The Flaming Jewel
"It's a wonder what a decent woman will stand," observed Stormont. "Ninety-nine per cent. of all wives ought to receive the D. S. O."
"Do you think we're so rotten?" inquired Lannis, smiling.
"Not so rotten. No. But any man knows what men are. And it's a wonder women stick to us when they learn."
They laughed. Lannis glanced at his watch again.
"Well," he said, "I don't believe anybody has tipped off our man. It's noon. Come on to dinner, Jack."
They cantered forward into the sunlit clearing. Star Pond lay ahead. On its edge stood Clinch's.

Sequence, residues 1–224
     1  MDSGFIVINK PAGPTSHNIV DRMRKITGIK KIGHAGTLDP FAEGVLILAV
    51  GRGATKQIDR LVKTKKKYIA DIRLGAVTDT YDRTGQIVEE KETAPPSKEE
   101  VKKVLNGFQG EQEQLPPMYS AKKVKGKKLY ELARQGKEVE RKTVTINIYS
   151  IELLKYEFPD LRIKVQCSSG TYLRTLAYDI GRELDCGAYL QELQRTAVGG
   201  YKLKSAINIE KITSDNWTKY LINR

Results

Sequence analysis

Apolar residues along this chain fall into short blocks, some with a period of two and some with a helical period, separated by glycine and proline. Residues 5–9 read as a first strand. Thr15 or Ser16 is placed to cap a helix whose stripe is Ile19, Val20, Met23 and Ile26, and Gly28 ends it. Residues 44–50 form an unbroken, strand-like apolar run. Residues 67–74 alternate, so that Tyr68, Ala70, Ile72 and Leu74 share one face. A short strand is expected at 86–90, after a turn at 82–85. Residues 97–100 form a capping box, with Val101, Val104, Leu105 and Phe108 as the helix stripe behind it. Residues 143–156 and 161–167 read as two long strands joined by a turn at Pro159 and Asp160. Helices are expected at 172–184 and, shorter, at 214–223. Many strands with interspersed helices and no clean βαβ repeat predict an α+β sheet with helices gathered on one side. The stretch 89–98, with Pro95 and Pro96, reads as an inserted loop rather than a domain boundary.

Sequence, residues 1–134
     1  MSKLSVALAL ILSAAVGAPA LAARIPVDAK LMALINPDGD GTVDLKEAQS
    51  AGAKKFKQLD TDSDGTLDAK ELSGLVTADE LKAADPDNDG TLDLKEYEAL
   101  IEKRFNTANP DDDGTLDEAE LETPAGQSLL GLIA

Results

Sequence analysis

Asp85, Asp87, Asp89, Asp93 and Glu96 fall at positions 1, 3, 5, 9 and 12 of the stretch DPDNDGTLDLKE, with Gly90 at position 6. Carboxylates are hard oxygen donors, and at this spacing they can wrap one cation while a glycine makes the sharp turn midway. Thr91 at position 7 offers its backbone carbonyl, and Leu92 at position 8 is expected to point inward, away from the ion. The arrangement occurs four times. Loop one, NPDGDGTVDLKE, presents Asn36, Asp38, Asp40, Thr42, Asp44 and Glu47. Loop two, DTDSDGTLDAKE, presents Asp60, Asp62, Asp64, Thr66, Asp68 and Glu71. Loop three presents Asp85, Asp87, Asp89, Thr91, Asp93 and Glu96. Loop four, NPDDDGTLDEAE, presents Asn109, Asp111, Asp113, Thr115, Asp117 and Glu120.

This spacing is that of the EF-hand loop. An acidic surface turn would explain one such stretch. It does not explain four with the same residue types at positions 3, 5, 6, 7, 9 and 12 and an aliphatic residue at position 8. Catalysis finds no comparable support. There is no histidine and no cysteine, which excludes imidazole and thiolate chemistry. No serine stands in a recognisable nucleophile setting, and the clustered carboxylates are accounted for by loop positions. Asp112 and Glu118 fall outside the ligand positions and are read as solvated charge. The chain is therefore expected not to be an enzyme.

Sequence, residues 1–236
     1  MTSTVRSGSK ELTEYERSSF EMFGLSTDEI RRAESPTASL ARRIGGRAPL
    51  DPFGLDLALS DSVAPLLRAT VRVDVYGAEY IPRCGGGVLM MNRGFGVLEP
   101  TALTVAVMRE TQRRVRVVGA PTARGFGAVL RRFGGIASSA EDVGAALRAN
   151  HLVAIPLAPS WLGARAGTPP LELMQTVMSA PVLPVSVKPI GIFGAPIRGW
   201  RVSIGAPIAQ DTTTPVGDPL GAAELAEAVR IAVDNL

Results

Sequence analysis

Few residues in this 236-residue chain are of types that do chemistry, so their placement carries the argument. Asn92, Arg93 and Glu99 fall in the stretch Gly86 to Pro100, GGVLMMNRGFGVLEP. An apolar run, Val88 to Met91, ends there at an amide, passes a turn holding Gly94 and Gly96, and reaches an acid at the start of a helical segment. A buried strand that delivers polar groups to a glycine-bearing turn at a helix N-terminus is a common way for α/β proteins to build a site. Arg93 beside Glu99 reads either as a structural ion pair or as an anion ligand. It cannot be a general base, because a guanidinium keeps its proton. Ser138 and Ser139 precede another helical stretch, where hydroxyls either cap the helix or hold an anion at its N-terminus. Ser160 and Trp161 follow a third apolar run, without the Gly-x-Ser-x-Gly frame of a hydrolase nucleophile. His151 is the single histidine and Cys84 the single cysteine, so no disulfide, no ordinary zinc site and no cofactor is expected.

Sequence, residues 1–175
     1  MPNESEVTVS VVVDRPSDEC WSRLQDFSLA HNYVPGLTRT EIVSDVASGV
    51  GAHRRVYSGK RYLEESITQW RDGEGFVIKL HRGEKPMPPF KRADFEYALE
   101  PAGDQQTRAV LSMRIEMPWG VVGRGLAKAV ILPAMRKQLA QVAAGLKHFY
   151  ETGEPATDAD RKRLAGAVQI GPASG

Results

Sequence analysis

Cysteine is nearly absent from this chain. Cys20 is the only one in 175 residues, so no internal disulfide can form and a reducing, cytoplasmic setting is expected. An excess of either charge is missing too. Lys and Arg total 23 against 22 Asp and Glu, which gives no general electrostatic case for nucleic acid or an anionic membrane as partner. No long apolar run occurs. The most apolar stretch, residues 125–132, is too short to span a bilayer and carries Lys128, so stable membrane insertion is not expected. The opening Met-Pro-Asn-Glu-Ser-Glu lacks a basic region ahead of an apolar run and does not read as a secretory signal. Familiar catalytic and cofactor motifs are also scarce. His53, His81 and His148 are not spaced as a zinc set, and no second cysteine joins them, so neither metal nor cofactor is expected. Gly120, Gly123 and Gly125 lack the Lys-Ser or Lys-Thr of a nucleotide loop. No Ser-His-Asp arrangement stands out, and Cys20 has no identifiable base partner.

Clinch, in his shirt sleeves, came out on the veranda. He had little light grey eyes, close-clipped grey hair, and was clean shaven.
"How are you, Clinch," inquired Lannis affably.
"All right," replied Clinch; "you're the same, I hope."
"Trooper Stormont, Mr. Clinch," said Lannis in his genial way.
"Pleased to know you," said Clinch, le